Among the most important skills in marketing are communication and promotion. Communication is the broader term, and it happens whether planned or not. A salesperson’s attire communicates, the catalog price communicates, and the company’s offices communicate; all create impressions on the receiving party. This explains the growing interest in integrated marketing communications (IMC). Companies need to orchestrate a consistent set of impressions from its personnel, facilities, and actions that deliver the company’s brand meaning and promise to its various audiences.
Promotionis that part of communication that consists of company messages designed to stimulate awareness of, interest in, and purchase of its various products and services. Companies use advertising, sales promotion, salespeople, and public relations to disseminate messages designed to attract attention and interest.
Promotion cannot be effective unless it catches people’s attention. But today we are deluged with print, broadcast, and electronic information. We confront 2 billion Web pages, 18,000 magazines, and 60,000 new books each year. In response, we have developed routines to protect ourselves from information overload. We toss most catalogues and direct mail unopened into the wastebasket; delete unwanted and unread e-mail messages; and refuse to listen to telephone solicitations.
Thomas Davenport and John Beck point out in The Attention Economy that the glut of information is leading to attention deficit disorder (ADD), the difficulty of getting anyone’s attention.1The attention deficit is so pronounced that companies have to spend more money marketing than making the product. This is certainly the case with new perfume brands and many new films. Consider that the makers of The Blair Witch Projectspent $350,000 making the film and $11 million to market it.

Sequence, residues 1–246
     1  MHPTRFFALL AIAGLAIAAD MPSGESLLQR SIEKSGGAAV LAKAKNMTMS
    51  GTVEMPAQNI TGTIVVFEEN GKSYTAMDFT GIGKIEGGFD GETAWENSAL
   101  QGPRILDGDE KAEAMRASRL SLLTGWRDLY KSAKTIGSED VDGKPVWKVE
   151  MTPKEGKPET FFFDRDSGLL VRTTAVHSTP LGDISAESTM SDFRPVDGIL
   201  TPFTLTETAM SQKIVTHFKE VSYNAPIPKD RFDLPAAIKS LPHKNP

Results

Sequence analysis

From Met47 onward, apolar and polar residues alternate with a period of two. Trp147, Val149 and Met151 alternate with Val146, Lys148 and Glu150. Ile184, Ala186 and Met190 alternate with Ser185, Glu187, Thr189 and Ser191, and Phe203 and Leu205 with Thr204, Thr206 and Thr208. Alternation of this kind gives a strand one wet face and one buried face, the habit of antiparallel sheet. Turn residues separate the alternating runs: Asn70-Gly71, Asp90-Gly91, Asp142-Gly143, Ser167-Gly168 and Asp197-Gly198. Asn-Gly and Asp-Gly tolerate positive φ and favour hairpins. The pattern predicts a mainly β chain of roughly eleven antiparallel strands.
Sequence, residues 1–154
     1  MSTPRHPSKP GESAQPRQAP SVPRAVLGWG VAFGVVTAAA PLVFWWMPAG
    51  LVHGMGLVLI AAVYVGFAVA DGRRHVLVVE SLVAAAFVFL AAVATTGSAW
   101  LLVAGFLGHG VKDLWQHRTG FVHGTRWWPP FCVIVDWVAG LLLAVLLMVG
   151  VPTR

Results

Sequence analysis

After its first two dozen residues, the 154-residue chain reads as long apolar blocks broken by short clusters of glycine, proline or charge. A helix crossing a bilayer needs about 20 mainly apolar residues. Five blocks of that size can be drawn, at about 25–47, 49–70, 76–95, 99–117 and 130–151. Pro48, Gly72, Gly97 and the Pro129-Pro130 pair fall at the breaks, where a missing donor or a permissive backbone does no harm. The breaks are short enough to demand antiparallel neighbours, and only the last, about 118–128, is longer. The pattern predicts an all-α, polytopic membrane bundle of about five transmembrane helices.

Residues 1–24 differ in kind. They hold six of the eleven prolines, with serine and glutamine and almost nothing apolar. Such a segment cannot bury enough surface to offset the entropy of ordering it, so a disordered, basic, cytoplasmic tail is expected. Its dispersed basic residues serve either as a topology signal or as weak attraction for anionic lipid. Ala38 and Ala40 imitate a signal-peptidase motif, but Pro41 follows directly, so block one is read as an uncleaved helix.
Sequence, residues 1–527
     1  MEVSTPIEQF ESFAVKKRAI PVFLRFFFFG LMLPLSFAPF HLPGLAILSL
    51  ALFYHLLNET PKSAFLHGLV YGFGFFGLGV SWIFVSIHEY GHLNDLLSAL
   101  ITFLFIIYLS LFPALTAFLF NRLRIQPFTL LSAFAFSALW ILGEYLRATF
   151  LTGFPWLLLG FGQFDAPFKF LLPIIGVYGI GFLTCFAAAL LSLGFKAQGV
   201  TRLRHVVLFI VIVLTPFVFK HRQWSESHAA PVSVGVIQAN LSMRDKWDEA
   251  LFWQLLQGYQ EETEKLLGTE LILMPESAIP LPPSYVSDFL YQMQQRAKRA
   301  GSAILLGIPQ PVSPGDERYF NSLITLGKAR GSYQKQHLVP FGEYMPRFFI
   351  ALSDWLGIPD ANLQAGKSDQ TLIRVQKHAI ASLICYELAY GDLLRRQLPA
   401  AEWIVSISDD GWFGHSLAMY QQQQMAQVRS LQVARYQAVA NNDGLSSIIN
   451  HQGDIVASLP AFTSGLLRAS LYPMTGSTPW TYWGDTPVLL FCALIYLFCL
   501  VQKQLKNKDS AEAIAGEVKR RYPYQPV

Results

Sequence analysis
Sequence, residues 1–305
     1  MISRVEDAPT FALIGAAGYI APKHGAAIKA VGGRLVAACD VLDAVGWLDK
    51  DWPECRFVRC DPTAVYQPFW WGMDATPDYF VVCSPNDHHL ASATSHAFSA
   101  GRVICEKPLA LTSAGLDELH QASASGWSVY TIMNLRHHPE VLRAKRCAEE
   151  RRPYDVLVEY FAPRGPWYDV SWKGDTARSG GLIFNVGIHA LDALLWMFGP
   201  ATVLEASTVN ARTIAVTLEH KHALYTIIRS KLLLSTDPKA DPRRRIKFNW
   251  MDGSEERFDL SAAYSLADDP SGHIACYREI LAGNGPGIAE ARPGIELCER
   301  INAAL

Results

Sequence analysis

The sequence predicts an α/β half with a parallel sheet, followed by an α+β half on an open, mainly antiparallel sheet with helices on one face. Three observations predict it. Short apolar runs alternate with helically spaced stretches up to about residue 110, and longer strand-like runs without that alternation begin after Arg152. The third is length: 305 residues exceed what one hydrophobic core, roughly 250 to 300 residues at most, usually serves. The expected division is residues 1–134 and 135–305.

As a result, marketers need to study how people in their target market allocate their attention time. Marketers want to know the best way to get a larger share of consumers’ attention. Marketers apply attention-getting approaches such as high-profile movie stars and athletes; respected intermediaries close to the target audience; shocking stories, statements, or questions; free offers; and countless others.
Even then, there is a question of effectiveness. It is one thing to create awareness, another to draw sustained attention, and still another to trigger action. Attention is to get someone to spend time focusing on something. But whether this leads to buying action is another question.
Copyright© 2003 by Philip Kotler. All rights reserved.
Published by John Wiley& Sons., Hoboken, New Jersey
1. D’Aveni, R.& Gunther, R. (1995).Hypercompetitive Rivalries: Competing in Highly Dynamic Environments.New York: Free Press.